At the same time as the inhabitants of Trollberg worry about an attack from the trolls that live in the mountains outside the city walls, Johanna goes out there to find her daughter. While Hilda learns the benefits of her new life, she seeks a way to break the spell – to become human again and be reunited with family and friends. She gets tips from a large troll who is trapped in a cave. But who is he and what is his real purpose?

Its low-key message that the secret of diversity can be about compromise is liberating in a time of polarization and one-sided solutions

Magnus Sundell

Hilda and the Mountain King is a fast-paced, charming and funny tale that otherwise it does not have to be dangerous and the importance of both curiosity and respect. Its low-key message that the secret of diversity can be about compromise is liberating in a time of polarization and one-sided solutions.

Ron stirs, press photo

Ron stirs

In the movie Ron stirs the magic of existence is created in a technical way – which is something we recognize. For how should we describe digital development and the function of technology in our daily lives if not as magic? Sometimes it feels like we have stepped straight into a fantasy world.

In the not too distant future The technology company Bubble has created a B-bot, an AI-controlled robot designed to both be a friend of children and help them make more friends. It is programmed with a friendship algorithm and is both friend and supercomputer, constantly connected to the internet and social media.

12-year-old Barney is the only one in his class who does not have a B-fine, which leaves him alone. When he finally gets his own robot, it’s a defective copy that his dad came across cheaply. Since it is not pre-programmed or connected to Bubble, Barney herself must try to teach it how to behave – how to become a friend. He gives it the name Ron.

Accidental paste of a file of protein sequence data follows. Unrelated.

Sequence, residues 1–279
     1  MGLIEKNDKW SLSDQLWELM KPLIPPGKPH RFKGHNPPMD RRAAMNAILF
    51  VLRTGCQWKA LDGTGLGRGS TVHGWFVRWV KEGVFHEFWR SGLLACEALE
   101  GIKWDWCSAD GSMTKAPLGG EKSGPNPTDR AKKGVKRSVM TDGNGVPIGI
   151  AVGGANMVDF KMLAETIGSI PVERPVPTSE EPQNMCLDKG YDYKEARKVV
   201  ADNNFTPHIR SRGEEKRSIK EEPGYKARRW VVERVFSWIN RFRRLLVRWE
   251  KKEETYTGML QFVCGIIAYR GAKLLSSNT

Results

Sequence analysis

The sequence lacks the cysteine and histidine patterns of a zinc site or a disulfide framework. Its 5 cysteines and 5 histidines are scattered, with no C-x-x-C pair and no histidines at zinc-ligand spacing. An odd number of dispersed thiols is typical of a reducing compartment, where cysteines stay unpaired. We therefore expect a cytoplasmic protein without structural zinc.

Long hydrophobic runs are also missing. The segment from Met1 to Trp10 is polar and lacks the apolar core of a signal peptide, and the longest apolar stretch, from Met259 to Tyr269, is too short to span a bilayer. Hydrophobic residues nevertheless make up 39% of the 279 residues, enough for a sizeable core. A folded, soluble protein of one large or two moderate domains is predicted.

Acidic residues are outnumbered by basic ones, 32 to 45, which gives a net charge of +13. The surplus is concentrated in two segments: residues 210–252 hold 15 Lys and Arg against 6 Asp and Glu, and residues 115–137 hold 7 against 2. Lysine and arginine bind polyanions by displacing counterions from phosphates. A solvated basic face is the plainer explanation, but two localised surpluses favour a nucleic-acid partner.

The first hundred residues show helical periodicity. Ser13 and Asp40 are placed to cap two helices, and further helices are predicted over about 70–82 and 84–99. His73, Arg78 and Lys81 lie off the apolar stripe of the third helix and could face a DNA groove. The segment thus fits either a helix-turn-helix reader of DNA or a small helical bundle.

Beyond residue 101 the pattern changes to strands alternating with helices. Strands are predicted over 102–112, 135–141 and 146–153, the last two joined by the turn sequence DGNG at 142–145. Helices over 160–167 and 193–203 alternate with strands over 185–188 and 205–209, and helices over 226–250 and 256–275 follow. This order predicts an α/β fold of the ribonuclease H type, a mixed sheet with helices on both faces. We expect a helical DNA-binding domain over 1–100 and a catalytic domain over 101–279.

Of course, many adventures await and deadly situations, because Ron has a hard time fitting in and also does not have the security barriers that a B-fine should have… It all leads to them being chased by Bubble, who wants to recall and destroy the copy. Along the way, Barney and Ron develop something that can actually be called true friendship.

Some people probably think that the film moralizes about children’s use of technology, but I see it rather as a fun and engaging laughter mirror, a contemporary satire, which reminds us of things we are unfortunately often tempted to forget. Like what’s really important in life and what real friendship is all about.

For the real magic is of course that we live and that we have each other.



Directed by: Jared Bush, Byron Howard

Screenplay: Charise Castro Smith, Jared Bush et al

Genre: Animated / Family film

Voices: Stephanie Beatriz, Angie Cepeda, John Leguizamo and others (Swedish: Sandra Kassman, Hanna Hedlund, Rennie Mirro and others

Shown: Bio, Disney +, SF Anytime

Age: From 6 years

Rating: 3

“Hilda and the Mountain King”

Director: Andy Cole

Screenplay: Luke Pearson, Stephanie Simpson, Kurt Mueller

Genre: Animated / Family film

Voices: Bella Ramsey, Daisy Haggard, Oliver Nelson and others (Swedish: Selma Backman, Therese Hedlund, Adil Backman and others)

Shown: Netflix

Age: From 7 years

Rating: 4

“Ron stirs”

Directed by: Sarah Smith, Jean-Philippe Vine

Screenplay: Peter Baynham, Sarah Smith

Genre: Animated / Family film

Voices: Jack Dylan Grazer, Zach Galifiankis, Olivia Colman and others (Swedish: Adil Backman, Magdi Saleh, Yamineth Dyall and others)

Shown: Bio, Disney +, SF Anytime

Age: From 6 years

Rating: 4